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First HF antenna (on roof)?

Discussion in 'Antennas, Feedlines, Towers & Rotors' started by KM6LYW, Nov 8, 2018.

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  1. KM6LYW

    KM6LYW Ham Member QRZ Page

    Please be gentle, I still don't have an HF radio yet, so I'm looking into antenna ideas for the fateful day I have enough saved up.

    Having done maybe 15 hours of research, given HOA and wife constraints. I'd like to install a permanent windom on the roof. I have acreage and trees out back for an 160m dipole, but that'd be temporary, on the weekends.

    So, for the permanent wife-approved scenario, I've chosen a 40m Windom off-center-fed dipole with 4:1 balun.

    Installation will be on one side of a roof with about 2-foot offsets at ends and peak. Peak (feedpoint) will be 17' above ground, and ends suspended at 12' above ground.

    What can I expect? worth the effort? will a 3:1 balun be a better match for this height?


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  2. K7TRF

    K7TRF Premium Subscriber QRZ Page

    It will work and any antenna is worth the effort compared to not getting on the air.

    That said, it would work a lot better if you could raise that center support a bit to get the antenna higher above your roof.
     
    WB5YUZ, KM6LYW and NH7RO like this.
  3. NH7RO

    NH7RO Ham Member QRZ Page

    The above should be fine for SWLing strong stations, but if I was serious about my hobby (especially if working dx is an objective) I'd opt for a vertical any day of the week. Horizontal antennas so close to ground mostly radiate straight up and straight down; verticals (which can be tilted over or hidden fairly easily) radiate out towards the horizon which is where you want your signals to go.

    We do learn by our mistakes, though, so have at it.

    Antennas so close to house wiring and RFI generating devices seldom are something to write home about. Your wife may not complain about the above installation but I doubt you'll be happy over the long run.

    One other tip: don't try to work every ham band right out of the gate; at this point of the dismal solar cycle the main bands for real fun are going to be 20-40 and 80m. Since you don't have near the height for the last two I'll suggest a 16.5' tall 20m ground plane with a few radials (if elevated above ground---otherwise you'll need LOTS of radials laid out on the ground)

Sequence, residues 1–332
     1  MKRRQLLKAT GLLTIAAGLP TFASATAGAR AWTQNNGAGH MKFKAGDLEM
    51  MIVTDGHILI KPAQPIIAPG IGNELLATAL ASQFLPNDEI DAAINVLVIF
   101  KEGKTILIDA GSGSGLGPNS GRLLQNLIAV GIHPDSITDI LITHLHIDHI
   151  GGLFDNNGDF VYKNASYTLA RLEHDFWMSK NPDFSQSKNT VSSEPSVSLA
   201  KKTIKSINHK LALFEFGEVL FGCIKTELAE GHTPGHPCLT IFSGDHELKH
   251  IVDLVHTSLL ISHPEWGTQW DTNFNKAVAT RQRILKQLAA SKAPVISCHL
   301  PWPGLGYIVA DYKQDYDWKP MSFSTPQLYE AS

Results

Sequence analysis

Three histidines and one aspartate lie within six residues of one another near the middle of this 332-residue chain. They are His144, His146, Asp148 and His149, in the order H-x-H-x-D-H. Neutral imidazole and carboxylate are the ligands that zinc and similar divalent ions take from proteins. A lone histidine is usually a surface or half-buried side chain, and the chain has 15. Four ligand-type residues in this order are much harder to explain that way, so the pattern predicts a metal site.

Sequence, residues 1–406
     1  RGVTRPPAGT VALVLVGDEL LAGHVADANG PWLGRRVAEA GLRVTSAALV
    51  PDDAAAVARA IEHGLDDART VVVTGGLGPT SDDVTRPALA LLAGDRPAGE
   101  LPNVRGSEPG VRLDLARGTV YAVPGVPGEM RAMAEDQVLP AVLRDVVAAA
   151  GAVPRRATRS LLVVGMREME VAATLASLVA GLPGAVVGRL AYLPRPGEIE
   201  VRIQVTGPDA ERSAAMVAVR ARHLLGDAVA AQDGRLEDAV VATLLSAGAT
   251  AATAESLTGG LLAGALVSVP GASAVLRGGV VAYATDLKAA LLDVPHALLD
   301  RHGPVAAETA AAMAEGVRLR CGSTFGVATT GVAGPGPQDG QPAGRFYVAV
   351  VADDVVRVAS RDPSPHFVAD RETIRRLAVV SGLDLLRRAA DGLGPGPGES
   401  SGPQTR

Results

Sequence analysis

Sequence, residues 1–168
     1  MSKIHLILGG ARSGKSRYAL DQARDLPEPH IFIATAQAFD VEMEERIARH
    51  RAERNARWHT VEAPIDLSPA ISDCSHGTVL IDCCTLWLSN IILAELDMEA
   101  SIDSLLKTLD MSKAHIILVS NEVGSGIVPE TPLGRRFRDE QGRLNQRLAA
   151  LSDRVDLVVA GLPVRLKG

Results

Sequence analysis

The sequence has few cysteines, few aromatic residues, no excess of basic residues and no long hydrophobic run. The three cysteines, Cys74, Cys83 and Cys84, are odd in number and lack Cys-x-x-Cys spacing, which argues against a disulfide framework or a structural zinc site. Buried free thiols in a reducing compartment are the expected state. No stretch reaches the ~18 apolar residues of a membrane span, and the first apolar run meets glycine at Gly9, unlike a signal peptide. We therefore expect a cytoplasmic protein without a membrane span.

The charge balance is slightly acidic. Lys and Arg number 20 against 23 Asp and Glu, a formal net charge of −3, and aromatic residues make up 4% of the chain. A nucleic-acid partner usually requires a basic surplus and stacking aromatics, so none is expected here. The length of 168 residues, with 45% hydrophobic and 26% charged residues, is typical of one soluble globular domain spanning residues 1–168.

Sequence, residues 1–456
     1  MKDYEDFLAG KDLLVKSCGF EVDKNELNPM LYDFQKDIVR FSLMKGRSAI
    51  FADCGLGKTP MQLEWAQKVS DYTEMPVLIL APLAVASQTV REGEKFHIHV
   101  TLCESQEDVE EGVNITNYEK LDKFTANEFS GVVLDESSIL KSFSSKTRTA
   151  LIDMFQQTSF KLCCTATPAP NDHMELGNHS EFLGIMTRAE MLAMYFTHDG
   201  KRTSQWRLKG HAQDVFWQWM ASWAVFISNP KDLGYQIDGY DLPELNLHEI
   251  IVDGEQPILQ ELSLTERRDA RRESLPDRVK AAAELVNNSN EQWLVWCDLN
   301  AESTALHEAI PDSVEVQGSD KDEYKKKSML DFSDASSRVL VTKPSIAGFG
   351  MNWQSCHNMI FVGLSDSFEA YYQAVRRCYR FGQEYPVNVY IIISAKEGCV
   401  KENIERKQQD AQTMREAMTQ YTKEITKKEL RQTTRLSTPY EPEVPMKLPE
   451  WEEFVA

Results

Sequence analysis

KK5JY, WB5YUZ, KC8VWM and 1 other person like this.
  4. WB2WIK

    WB2WIK Premium Subscriber QRZ Page

    I think a vertical in the yard is probably a better choice, also, and a good one with traps or separate resonating sections for all the bands will provide a better match than you can achieve (on more bands) than a 40m OCF fed with a 4:1 balun, which is likely usable only on four bands.
     
    WA8FOZ, KK5JY, WB5YUZ and 1 other person like this.
  5. N7WR

    N7WR Subscriber QRZ Page

    I agree with WIK that a vertical would probably be a better choice given your height restrictions on the OCFD. As we recently moved I did not have time to put up a tower before winter. So I went with a ground mounted vertical and I am pleased with the results
     
    KM6LYW and NH7RO like this.
  6. NH7RO

    NH7RO Ham Member QRZ Page

    With your roof peak at 17' no one would really notice a 16.5' vertical in the back yard somewhere (somewhere=far away from the house as possible, ideally). For best results mount at least 4 feet above the ground---you could get by with only two tuned radials that way and still end up with a simple, inexpensive, and well-performing 20m antenna that won't be finicky to tune. Simple to homebrew with wire or tubing that can be painted flat green or camo color to match your surroundings.

    73.

    Jeff
     
    WA8FOZ, KK5JY, KM6LYW and 1 other person like this.
  7. KV4JW

    KV4JW Ham Member QRZ Page

    Check out my many threads on putting a G5RV on a rooftop tripod. WB2WIK and NH7RO among others have provided excellent advice, and a rendition of what I'm doing may work well for you.